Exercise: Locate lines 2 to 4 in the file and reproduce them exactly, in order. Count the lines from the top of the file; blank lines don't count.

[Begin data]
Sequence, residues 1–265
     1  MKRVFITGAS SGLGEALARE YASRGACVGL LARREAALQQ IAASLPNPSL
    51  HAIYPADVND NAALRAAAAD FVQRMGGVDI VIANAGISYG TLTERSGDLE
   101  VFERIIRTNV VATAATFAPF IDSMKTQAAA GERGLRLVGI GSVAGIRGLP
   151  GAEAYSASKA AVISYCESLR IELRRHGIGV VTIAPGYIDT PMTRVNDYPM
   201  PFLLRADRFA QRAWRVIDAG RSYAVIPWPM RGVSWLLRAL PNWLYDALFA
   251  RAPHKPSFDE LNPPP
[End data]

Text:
     1  MKRVFITGAS SGLGEALARE YASRGACVGL LARREAALQQ IAASLPNPSL
    51  HAIYPADVND NAALRAAAAD FVQRMGGVDI VIANAGISYG TLTERSGDLE
   101  VFERIIRTNV VATAATFAPF IDSMKTQAAA GERGLRLVGI GSVAGIRGLP